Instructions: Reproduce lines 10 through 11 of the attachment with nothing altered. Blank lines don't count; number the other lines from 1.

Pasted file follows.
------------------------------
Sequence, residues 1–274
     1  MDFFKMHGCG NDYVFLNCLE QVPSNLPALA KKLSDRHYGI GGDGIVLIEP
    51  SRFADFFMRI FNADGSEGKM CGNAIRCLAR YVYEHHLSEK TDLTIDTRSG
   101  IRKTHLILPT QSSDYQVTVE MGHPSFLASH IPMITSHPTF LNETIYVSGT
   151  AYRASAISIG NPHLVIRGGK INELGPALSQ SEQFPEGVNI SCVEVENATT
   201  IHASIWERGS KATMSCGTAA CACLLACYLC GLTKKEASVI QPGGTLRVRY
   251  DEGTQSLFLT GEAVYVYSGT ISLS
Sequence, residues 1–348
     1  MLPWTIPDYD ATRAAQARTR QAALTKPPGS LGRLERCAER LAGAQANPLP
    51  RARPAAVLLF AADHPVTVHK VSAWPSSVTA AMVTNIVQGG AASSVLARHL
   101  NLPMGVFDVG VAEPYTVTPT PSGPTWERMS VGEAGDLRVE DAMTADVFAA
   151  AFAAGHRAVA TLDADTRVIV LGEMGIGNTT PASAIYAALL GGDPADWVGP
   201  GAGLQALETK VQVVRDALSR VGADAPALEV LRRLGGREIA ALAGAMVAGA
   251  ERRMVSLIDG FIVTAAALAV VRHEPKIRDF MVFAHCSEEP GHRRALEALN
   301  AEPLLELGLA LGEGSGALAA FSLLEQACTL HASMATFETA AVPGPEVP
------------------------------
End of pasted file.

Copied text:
    51  RARPAAVLLF AADHPVTVHK VSAWPSSVTA AMVTNIVQGG AASSVLARHL
   101  NLPMGVFDVG VAEPYTVTPT PSGPTWERMS VGEAGDLRVE DAMTADVFAA